Photos of the Cleveland Press newsroom taken that day show a frantic staff rushing to get the story to press, all the while dealing with the shock of the tragic event.
In the Press office, people clustered around the chattering teletype machines so deep it was hard for newsmen to work.
Visitors in the office joined the reporters, crying out their stunned disbelief, asked each other: "Is he dead or alive? How could it happen? What kind of country is this anyway?"
One classified ad department employee, Mrs. Catherine Mills, fainted in the City Room when she heard the flash. She was administered oxygen and quickly revived.*
The home delivery of the Cleveland Press was as much as two hours late that evening as more than 125,000 copies of the Home Edition of the Cleveland Press, without news about the assassination, were recalled and delivery trucks were reloaded with the latest edition quite literally ripped from the presses.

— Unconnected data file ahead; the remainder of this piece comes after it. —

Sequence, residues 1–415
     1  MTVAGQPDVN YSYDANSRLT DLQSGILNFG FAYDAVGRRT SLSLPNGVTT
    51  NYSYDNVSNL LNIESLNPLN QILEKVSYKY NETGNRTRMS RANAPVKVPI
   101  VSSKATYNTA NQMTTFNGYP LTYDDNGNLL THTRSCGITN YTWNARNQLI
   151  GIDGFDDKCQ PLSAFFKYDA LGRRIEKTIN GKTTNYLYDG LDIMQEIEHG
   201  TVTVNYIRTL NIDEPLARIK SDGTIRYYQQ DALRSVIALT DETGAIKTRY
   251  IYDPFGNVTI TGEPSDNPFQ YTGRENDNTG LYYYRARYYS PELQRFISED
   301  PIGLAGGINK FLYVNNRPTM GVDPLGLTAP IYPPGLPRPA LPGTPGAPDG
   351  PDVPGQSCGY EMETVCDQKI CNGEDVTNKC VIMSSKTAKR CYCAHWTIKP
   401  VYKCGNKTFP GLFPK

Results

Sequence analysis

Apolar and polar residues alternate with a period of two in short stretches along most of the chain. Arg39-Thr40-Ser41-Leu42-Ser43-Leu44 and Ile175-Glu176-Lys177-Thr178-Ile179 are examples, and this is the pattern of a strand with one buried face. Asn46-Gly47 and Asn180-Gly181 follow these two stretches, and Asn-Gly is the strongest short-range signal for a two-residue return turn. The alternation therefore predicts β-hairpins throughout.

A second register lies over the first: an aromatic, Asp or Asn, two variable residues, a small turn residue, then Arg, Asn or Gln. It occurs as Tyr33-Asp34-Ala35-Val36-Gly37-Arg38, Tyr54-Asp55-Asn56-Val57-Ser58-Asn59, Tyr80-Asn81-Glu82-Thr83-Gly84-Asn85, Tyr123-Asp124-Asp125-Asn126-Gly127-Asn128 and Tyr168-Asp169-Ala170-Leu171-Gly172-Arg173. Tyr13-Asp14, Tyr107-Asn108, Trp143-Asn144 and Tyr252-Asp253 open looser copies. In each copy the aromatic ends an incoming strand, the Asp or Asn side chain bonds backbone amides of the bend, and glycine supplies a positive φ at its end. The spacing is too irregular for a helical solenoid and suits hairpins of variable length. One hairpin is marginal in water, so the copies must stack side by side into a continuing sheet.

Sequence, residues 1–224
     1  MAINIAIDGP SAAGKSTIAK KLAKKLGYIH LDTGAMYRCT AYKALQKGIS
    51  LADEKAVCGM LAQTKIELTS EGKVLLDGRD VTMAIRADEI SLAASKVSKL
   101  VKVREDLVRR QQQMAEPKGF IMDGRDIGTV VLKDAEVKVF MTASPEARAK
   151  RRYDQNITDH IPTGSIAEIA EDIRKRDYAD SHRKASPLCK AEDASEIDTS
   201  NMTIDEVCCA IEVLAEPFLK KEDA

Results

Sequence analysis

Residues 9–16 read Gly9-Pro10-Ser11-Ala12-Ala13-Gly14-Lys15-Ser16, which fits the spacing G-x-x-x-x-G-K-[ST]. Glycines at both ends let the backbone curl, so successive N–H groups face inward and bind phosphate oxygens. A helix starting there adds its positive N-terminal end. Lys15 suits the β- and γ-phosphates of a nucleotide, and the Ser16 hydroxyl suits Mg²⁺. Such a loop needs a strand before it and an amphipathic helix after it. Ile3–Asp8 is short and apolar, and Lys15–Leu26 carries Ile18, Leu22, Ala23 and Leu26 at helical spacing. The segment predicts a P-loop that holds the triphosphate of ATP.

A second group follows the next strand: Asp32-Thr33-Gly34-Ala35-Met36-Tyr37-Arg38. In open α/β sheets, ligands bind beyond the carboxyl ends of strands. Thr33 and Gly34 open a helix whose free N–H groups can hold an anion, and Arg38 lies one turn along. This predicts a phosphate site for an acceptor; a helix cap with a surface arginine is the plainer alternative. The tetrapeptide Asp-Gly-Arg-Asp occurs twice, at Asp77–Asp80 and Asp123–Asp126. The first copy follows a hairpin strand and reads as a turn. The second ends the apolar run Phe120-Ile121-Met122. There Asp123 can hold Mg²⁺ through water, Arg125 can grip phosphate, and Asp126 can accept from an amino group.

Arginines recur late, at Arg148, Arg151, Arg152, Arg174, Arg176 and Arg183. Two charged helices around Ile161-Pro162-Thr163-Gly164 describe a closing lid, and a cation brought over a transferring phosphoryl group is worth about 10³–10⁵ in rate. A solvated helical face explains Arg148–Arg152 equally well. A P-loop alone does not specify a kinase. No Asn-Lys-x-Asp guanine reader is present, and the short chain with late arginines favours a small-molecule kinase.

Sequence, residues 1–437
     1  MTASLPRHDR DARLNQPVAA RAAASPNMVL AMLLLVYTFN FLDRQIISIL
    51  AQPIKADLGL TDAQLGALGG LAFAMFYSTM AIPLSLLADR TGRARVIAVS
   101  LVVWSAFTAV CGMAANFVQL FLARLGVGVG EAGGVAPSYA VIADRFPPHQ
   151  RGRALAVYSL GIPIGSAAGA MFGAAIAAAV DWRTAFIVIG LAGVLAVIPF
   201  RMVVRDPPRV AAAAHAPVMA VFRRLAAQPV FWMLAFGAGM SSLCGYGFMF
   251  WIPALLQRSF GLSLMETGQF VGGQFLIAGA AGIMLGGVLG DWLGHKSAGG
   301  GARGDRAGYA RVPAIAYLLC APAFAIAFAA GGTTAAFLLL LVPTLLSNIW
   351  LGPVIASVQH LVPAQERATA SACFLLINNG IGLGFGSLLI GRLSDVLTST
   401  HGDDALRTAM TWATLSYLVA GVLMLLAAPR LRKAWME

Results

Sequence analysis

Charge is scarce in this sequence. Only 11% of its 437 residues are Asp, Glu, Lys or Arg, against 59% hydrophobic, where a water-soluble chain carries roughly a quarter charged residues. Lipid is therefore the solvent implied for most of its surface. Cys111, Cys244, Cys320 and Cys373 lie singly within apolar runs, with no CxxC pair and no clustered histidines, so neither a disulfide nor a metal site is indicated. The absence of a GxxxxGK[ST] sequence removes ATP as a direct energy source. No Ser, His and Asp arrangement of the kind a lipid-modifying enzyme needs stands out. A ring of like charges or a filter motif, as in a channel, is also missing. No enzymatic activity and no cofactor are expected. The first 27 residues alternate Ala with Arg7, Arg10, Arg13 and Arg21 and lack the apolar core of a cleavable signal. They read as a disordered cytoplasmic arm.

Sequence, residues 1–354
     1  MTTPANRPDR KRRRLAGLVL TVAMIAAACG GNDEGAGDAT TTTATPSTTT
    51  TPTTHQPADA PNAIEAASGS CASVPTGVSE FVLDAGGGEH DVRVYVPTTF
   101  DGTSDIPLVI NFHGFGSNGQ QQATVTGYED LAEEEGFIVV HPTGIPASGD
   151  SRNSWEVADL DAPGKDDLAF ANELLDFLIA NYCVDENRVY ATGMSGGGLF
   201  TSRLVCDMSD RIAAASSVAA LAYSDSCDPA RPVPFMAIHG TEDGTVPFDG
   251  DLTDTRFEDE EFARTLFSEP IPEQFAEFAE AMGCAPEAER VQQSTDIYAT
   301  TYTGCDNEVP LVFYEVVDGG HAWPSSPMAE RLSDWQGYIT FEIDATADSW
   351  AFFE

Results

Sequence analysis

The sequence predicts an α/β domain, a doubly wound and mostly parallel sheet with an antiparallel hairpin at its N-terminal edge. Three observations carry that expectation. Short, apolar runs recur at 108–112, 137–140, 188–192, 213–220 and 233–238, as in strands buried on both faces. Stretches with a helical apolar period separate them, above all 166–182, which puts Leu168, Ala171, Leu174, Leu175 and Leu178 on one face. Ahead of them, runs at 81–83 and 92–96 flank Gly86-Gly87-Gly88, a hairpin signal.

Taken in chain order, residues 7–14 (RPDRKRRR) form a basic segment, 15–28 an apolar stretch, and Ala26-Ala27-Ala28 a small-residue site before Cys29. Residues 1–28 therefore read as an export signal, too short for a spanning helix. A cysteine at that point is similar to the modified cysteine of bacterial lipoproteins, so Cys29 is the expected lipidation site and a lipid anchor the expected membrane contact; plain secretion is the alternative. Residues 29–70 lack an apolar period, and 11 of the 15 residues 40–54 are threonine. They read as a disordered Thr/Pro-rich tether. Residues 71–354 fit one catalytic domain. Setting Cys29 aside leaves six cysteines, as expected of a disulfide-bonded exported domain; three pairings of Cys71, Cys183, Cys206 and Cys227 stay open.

Bishop Nelson M. Burroughs of the Episcopal Diocese of Ohio expressed the following:
"In John Kennedy, we have a man whose complete devotion to his country was strikingly evident. We honor him for all he has done for us. Thoughts and prayers and support of all Americans will surround the new President in the task he assumes."
In the end, the dreadful events of that day left Greater Clevelanders, along with the rest of nation, to grieve the loss of a "devoted leader" and to ponder an uncertain future with a new one as Head of State.
*"Shock, Grief Grip Big Crowds Here." The Cleveland Press 23 Nov. 1963: A1 and A6. Print.